While performing some site optimization work for a client, I encountered a plug-in that replaces the selected image feature of WP with a separate meta-box that allows you to specify an image URL rather than import the image into your own media library.
Recent updates to this plugin broke my client's site, where posts containing external featured images did not display them. And examining the code of the plugin itself (mediocre documentation, direct SQL queries on the database) lets me believe that he does not really know what he's doing.
For my client, I have created a custom plug-in to browse publications with the meta keys of this plug-in, import the image into the media library and attach it to the message. Finally, it removes the meta key from the other plugin.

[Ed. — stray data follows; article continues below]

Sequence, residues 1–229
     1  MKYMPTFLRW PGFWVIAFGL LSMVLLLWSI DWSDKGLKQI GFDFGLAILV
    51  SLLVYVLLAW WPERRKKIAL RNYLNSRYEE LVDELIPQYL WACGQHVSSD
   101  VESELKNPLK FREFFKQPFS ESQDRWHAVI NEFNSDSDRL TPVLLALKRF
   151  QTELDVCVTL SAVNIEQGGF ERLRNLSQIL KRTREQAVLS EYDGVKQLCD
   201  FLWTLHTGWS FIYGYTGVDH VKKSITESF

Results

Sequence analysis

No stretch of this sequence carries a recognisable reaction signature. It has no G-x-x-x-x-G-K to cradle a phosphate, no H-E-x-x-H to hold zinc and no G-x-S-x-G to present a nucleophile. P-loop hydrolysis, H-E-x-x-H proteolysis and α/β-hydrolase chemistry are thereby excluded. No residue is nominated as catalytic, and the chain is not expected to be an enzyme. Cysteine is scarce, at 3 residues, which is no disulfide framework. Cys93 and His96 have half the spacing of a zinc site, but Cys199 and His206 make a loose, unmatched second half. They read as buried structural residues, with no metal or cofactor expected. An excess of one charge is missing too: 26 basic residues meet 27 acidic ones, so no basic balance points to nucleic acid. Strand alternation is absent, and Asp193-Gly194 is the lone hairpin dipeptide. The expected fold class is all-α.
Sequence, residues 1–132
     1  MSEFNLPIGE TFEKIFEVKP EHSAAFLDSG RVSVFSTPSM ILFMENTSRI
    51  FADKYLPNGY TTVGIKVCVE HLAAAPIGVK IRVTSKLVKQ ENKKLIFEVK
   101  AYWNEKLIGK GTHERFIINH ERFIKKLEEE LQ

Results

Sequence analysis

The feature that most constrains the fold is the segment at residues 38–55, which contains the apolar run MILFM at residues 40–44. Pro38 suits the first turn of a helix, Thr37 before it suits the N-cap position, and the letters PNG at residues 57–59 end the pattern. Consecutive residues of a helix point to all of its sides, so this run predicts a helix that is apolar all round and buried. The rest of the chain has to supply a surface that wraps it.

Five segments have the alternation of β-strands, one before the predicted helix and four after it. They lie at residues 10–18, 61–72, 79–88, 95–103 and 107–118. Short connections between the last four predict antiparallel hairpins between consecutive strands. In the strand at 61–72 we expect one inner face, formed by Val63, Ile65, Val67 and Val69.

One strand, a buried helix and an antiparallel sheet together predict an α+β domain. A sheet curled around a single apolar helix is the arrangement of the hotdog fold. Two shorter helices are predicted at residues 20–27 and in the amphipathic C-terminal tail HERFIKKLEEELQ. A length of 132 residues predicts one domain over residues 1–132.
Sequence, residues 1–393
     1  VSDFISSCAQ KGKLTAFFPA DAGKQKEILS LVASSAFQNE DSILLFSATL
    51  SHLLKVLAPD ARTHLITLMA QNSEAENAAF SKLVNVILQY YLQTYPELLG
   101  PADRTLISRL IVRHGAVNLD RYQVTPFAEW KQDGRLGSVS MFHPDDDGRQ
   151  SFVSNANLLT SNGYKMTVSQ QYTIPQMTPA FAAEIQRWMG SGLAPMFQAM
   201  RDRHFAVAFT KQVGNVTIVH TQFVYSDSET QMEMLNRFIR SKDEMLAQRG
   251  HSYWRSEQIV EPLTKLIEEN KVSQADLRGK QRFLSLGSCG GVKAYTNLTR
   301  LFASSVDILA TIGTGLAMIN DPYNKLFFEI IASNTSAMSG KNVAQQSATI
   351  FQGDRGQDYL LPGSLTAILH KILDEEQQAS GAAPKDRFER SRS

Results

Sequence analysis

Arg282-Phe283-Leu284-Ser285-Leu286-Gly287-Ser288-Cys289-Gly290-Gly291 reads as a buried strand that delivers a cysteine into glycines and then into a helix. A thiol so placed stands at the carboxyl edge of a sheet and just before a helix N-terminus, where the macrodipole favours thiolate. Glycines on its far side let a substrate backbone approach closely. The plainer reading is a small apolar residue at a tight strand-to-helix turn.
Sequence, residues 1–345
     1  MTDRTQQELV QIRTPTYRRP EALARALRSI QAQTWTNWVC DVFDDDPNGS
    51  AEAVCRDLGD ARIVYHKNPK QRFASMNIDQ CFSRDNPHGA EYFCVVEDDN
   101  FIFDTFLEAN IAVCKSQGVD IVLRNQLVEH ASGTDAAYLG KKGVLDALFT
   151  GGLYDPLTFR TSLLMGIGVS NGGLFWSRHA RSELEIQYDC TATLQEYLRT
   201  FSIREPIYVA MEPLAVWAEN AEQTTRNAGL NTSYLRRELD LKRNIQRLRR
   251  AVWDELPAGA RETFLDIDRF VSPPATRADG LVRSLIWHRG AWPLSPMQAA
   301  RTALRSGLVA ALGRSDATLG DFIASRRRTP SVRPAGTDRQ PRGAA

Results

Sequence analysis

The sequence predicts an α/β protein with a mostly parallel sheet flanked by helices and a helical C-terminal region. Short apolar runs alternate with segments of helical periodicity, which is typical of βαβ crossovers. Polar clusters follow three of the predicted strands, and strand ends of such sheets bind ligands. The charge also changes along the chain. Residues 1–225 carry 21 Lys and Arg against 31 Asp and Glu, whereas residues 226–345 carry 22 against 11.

Now, I have no qualms about running the patch on my client's site, but I'm also considering inserting the plugin into the WordPress plugins directory. And maybe even a "premium" version with monetization.
I've gone through the WP plugins' code of conduct, but I have not seen anything listed regarding editing the meta-entries of another plugin. Is there something that does not respect ethics?